The sense of resentment is also driven by the perennial question that bedevils so many nations: Who are the rightful ‘owners’ of the country and who are the ‘guests’ who are allowed to enter and stay because of the graciousness of the owners? These angry white men see themselves as the rightful owners of America, the ones who built it, and they are as aggrieved as any homeowner would be if a weekend guest started moving the furniture around. This is of course not peculiar to the US, but is happening all over the globe as long-suppressed minorities start asserting their rights and increased mobility results in immigrant groups forming ever-larger components of populations.

Finally, they believe themselves to be the true heirs of the real America. They are the ones who are entitled to inherit the bounty of the American system. It’s their birthright—as native-born, white American men. As sociologist Lillian Rubin puts it, “It’s this confluence of forces—the racial and cultural diversity of our new immigrant population; the claims on the resources of the nation now being made by those minorities who, for generations, have called America their home; the failure of some of our basic institutions to serve the needs of our people; the contracting economy, which threatens the mobility aspirations of working class families—all these have come together to leave white workers feeling as if everyone else is getting a piece of the action while they get nothing.”

So what is to be done to address this? As Noam Chomsky pointed out, there is a massive class war in the US being directed at the working class and the poor. Ignoring the real concerns of working class white men who are at the receiving end of this assault leads to problems because their misdirected anger holds back the wider solidarity that we need to combat the oligarchy.

But when you have a working class that’s under real pressure, you know, people are going to say that rights are being undermined, that jobs are being undermined. Maybe the one thing that the white working man can hang onto is that he runs his home? Now that that’s being taken away and nothing is being offered, he’s not part of the program of advancing women’s rights. That’s fine for college professors, but it has a different effect in working-class areas. It doesn’t have to be that way. It depends on how it’s done, and it was done in a way that simply undermined natural solidarity. There are a lot of factors that play into it, but by this point it’s going to be pretty hard to organize the working class on the grounds that should really concern them: common solidarity, common welfare.

The solution does not lie in pandering to racist or sexist or xenophobic or homophobic views in an effort to appeal to this group of angry white men, the way that some elements of the right wing is doing. It does mean looking hard at the well from which such views spring and diverting that stream into more productive channels.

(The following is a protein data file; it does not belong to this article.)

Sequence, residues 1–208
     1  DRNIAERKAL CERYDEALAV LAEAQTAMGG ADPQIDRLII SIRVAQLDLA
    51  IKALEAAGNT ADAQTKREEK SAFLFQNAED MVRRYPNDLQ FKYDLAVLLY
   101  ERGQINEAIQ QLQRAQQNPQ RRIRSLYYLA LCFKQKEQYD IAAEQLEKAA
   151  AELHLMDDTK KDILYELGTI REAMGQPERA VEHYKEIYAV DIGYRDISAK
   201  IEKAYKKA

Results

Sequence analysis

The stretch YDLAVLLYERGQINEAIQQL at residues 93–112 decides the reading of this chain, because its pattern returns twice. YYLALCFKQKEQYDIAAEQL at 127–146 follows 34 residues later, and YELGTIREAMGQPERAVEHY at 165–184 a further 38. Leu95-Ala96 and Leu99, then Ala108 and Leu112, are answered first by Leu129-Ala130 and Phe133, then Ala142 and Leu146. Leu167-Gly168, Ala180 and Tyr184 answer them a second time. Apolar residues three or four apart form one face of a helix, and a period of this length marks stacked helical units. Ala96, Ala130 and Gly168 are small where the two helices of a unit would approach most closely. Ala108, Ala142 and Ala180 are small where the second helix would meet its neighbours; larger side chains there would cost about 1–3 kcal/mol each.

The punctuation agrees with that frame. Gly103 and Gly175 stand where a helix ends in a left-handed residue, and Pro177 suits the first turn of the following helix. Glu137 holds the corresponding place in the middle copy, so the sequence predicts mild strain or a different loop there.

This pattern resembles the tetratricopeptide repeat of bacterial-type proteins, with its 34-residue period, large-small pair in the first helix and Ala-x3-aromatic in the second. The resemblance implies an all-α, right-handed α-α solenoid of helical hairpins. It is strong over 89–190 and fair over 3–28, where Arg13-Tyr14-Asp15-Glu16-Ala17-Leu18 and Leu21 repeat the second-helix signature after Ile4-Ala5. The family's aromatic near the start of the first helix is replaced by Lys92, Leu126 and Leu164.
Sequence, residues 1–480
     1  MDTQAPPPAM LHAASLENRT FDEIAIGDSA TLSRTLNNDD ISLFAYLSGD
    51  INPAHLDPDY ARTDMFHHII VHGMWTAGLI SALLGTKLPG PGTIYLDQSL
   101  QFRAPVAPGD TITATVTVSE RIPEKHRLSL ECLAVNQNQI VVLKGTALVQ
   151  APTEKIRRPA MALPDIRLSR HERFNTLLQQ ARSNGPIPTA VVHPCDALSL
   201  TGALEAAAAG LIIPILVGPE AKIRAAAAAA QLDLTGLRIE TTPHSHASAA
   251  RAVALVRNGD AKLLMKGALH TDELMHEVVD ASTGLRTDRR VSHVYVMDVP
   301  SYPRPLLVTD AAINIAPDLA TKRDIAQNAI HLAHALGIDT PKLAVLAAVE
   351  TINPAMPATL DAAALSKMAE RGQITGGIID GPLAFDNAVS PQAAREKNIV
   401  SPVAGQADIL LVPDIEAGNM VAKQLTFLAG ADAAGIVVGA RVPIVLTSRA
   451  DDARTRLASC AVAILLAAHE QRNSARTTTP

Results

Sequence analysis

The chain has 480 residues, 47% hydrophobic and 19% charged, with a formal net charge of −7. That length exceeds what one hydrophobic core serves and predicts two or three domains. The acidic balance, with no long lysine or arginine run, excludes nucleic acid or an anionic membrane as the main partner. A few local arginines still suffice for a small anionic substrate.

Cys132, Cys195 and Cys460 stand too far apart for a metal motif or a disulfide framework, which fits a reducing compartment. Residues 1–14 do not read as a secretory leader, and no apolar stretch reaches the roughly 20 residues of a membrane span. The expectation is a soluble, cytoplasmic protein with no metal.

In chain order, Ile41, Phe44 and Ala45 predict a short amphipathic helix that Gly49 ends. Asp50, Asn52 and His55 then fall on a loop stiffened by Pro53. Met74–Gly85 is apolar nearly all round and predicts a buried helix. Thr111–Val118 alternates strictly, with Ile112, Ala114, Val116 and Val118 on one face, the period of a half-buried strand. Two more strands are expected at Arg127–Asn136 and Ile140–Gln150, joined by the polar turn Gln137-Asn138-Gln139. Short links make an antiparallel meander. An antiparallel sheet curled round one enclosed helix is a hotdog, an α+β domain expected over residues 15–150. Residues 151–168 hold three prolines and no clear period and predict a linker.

We have to talk more about class war and the role that it plays in eroding people lives and communities.

Comments

  1. raven says

    An incredibly timely post.

    I’ve been seeing this pattern a lot lately.

    Police make a traffic stop. Guy, yes it is always a male, gets out of car with a gun in his hand and starts shooting. Police shoot back, usually the civilian shooter is killed. Sometimes, but not often, the police are wounded or killed.

    This seems to be happening every few days here on the west coast.

    It really makes no sense. It is turning a traffic ticket into a life ending event.

  2. Wylann says

    I don’t disagree with this, although I might slightly reword

    When situations change, people tend to react to it based on whether their personal situation changed for the better or worse than what it was before, rather than where they stand with respect to other people.

    So say percieved personal situation. As a member of pretty much every privileged class in the US (white, male, hetero), I think that progress towards more equality is a good thing to me as well as …welll..everyone, in the long run.

    I think it’s those who really intentionally took advantage of (let’s be honest, abused in any way they could) their position of privilege that are the ones we are seeing the most blowback from now.

    IMO, a lot of the reactionary behavior we are seeing from different ‘sides’ of privilege, for lack of a better term, are indicative of the privilege that group most enjoyed/abused. Those whining about feminism the loudest were likely the ones most abusing the position of male dominance (see: Stubenville, et. al.). Those whining about religious persecution are those who most enjoy and abuse the privileges associated with it, etc.

    The solution does not lie in pandering to racist or sexist or xenophobic or homophobic views in an effort to appeal to this group of angry white men, the way that some elements of the right wing is doing.

    This is pretty obvious, I would hope, to most people actually interested in equality. ;) It’s also so obvious that it is exactly the strategy employed by those most privileged to maintain that position.

  3. raven says